KJZZ’s long-time host, reporter and friend Terry Ward is gearing up for a new adventure in broadcasting. After 26 years with KJZZ, he’s heading north to serve as KNAU’s All Things Considered host.
Terry’s last day with KJZZ is July 6 and he’ll take to the KNAU airwaves on July 30. In the meantime, we hope you’ll take the time to wish him well and thank him for his years of service to KJZZ. We will miss you, Terry Ward. You have left an indelible mark in the Valley and in our hearts!
Congratulations to KJZZ Managing Editor Al Macias for 25 years of broadcast excellence and his recent induction into the Society of Professional Journalists Order of the Silver Key Society.
Macias joined the KJZZ news team in October 2010 and is a well-known, highly respected Valley journalist who has served a variety of broadcast outlets including KNXV, KPNX and KTVK.
The National Headliner Awards recognized KJZZ Senior Correspondent Michel Marizco for his June 2011 investigative report, Drug War and Cartels Lead to an Exodus in Northern Mexico.
Marizco traveled to Sonora, Mexico to report on the towns that are emptying out due to drug-related violence, especially the town of Tubutama, which has been affected by a narco-trafficker known as “El Gilo.”
Marizco spent time with the remaining residents of Tubutama, a 300-year-old mission town, and even found himself face-to-face with El Gilo.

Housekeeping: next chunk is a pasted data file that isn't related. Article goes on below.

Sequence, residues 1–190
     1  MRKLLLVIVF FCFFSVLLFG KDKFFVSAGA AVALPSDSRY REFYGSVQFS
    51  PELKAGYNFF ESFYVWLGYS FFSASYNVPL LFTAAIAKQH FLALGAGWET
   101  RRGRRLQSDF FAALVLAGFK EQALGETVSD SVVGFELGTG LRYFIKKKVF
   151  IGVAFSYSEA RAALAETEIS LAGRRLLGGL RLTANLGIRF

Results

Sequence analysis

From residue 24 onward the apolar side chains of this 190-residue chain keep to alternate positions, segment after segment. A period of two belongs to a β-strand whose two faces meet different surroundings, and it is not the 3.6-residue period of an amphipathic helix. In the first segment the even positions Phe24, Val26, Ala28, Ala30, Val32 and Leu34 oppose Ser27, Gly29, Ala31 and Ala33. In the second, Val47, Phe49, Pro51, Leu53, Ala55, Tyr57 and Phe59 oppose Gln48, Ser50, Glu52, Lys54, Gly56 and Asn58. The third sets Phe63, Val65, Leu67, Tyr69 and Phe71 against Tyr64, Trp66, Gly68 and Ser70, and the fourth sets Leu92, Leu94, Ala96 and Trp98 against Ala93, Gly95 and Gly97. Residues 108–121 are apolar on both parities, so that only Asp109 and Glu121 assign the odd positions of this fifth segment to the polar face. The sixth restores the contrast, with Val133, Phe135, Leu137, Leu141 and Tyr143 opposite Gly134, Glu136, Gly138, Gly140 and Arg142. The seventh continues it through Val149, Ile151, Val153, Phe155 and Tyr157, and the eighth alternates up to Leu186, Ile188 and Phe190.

“Any time a local drug lord shows up and talks to you on a piece, you know it’s going to be a great story,” said Fronteras Senior Editor Alisa Barba, who edited the story and shares in the award.
Marizco has a habit of showing up at the right place and the right time, Barba said. “He really got to the essence of the fear and the violence in the hills of Sonora.”
The Tucson-based reporter said he wanted to do a story about the places affected by the drug war that aren’t making headlines.
“This town had always interested me because a year prior El Gilo had successfully killed cartel members. He left 21 people dead and destroyed their vehicles in an ambush,” Marizco said. Photos of those shot-up vehicles are part of the online version of the story.
“Nobody else is telling these stories,” Barba said. “This is our territory with Fronteras.”
The story was awarded second place in the Feature and Human Interest Story category for broadcast radio networks and syndicates.
Founded in 1934 by the Press Club of Atlantic City, the National Headliner Awards program is one of the oldest and largest annual contests recognizing journalistic merit in the communications industry.